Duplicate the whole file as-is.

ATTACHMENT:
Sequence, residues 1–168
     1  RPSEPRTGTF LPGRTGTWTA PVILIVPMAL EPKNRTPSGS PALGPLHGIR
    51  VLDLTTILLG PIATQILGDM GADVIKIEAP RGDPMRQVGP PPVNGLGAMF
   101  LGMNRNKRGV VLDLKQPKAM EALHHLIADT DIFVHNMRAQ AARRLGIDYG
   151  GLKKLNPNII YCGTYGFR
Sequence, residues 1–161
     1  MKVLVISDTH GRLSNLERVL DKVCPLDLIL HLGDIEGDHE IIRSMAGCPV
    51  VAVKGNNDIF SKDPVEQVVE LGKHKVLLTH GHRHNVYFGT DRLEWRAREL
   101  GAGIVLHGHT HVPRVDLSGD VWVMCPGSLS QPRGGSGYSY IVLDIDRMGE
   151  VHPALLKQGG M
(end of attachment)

Sequence, residues 1–168
     1  RPSEPRTGTF LPGRTGTWTA PVILIVPMAL EPKNRTPSGS PALGPLHGIR
    51  VLDLTTILLG PIATQILGDM GADVIKIEAP RGDPMRQVGP PPVNGLGAMF
   101  LGMNRNKRGV VLDLKQPKAM EALHHLIADT DIFVHNMRAQ AARRLGIDYG
   151  GLKKLNPNII YCGTYGFR
Sequence, residues 1–161
     1  MKVLVISDTH GRLSNLERVL DKVCPLDLIL HLGDIEGDHE IIRSMAGCPV
    51  VAVKGNNDIF SKDPVEQVVE LGKHKVLLTH GHRHNVYFGT DRLEWRAREL
   101  GAGIVLHGHT HVPRVDLSGD VWVMCPGSLS QPRGGSGYSY IVLDIDRMGE
   151  VHPALLKQGG M